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Lathe Machining of Bronze Coin Flans
 
Continued (p.4)

 The dimples in these Roman Provincial coins vary significantly, some dimples clearly showing a raised central bump which may perhaps explain why a flan would be cast with a raised bump in the center. Figure 7  illustrates such a dimple, on a bronze of Philip I struck in Mesembria, Thrace. Note that in this case also, there is an adjacent raised bump on the flan. The most reasonable interpretation of this central bump in the dimple is that the dimple was formed by the impression of a tool with a central cavity which left a bump on the coin. 


Fig. 7
Dimple containing  a central bump next to a raised flan bump 

In the coin shown in Figure 7, this bump and the bump cast into the flan are so similar that one suspects they are related in some way. A reasonable possibility is that the bump in the flan may have been intended to locate the tool which formed the dimple, and that when the dimpling tool was impressed into the flan, the operator (presumably a slave) was careless and did not properly locate the flan relative to the tool before making this impression. 

A bronze coin of Gordian III struck in Tomis, shown in Figure 8, indicates that the process which formed of the central dimple was sometimes omitted. Here we see a prominent central bump in the flan without evidence of any adjacent dimple.  It is of course possible that a dimple once existed on this flan but was filled during the striking process.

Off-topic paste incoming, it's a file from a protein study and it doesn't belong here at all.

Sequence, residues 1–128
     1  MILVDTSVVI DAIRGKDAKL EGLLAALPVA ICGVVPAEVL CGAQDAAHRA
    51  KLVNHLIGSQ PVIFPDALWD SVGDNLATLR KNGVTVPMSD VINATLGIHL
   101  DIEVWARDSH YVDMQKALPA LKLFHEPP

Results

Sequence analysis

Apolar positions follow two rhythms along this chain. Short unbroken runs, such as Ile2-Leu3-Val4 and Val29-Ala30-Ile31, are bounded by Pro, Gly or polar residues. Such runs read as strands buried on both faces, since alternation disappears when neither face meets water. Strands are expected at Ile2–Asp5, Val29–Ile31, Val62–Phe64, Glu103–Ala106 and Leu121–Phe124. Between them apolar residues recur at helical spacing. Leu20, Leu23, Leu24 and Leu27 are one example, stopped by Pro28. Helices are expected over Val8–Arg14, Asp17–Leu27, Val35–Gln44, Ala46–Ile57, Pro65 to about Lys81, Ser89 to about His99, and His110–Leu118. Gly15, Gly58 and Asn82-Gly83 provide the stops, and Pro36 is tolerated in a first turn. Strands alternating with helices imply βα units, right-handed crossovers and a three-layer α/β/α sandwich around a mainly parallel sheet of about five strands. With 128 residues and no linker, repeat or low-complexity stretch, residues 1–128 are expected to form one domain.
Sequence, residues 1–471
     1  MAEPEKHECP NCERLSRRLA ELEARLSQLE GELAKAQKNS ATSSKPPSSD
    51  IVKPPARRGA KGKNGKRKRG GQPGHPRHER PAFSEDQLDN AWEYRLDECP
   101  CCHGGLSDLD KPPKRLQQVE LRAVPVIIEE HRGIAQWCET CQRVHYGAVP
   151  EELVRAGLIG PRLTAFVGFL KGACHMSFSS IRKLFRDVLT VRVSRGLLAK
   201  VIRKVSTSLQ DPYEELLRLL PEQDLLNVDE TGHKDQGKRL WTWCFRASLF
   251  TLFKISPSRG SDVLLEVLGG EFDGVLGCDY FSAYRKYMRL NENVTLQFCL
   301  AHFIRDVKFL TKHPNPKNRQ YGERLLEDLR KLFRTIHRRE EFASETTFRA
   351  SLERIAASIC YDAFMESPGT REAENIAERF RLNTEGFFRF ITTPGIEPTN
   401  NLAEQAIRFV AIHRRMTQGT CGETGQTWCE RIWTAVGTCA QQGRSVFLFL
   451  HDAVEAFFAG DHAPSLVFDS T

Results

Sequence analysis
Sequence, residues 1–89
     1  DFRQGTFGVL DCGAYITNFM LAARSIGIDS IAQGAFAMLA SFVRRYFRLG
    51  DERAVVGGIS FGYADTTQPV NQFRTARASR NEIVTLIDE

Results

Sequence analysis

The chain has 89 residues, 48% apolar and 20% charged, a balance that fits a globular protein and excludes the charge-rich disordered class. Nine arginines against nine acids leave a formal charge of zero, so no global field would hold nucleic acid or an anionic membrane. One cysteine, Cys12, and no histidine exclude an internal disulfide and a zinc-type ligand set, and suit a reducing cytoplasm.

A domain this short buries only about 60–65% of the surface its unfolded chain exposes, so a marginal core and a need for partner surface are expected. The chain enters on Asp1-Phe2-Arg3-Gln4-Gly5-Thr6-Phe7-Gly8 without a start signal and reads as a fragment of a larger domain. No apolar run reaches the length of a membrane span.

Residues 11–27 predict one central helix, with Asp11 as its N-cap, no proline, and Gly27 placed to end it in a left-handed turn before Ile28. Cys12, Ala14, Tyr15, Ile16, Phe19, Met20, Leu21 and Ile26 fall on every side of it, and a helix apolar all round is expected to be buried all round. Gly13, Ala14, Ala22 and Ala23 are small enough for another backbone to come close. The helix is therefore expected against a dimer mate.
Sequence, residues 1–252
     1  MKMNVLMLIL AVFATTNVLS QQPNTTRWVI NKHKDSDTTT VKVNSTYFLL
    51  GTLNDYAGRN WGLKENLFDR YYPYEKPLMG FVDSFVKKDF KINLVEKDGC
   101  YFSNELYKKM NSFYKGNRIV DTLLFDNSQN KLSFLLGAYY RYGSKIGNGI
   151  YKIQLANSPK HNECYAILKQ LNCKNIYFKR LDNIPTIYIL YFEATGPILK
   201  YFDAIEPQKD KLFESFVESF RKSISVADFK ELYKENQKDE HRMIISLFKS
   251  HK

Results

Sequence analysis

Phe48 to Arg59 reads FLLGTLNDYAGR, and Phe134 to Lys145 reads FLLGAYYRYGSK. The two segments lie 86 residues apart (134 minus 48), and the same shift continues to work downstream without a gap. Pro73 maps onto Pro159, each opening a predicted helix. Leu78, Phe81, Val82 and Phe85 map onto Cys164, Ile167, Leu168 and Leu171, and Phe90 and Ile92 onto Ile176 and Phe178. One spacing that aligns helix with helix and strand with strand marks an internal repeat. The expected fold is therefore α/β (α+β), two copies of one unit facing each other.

Fig. 8
Central bump without a dimple 

This case of a central bump being present without a dimple is also found on a bronze coin of Gordian III struck at Odessos in Thrace, shown in Figure 9. Note that in this case there is no evidence of a dimple on either side of the coin. 


Fig. 9
Central bump without a dimple 

The edges of these Roman Provincial bronze coins tend to be irregular and are often cracked. The edges of some Provincial coins also exhibit clips which must have been caused by a void or other flan defect near the point where the runner entered the flan, which caused part of the flan to stay on the runner when the flan was being broken away from the casting tree. Figure 10 illustrates one example of such a flan edge clip, on a bronze coin of Philip II struck in Mesembria.  


Fig. 10
Edge clip from runner breakaway 

It seems quite clear from the many edge defects seen in these coins that the edges of their flans were not machined but were left as cast, perhaps after some filing to clean up the area where the runner was broken off. 

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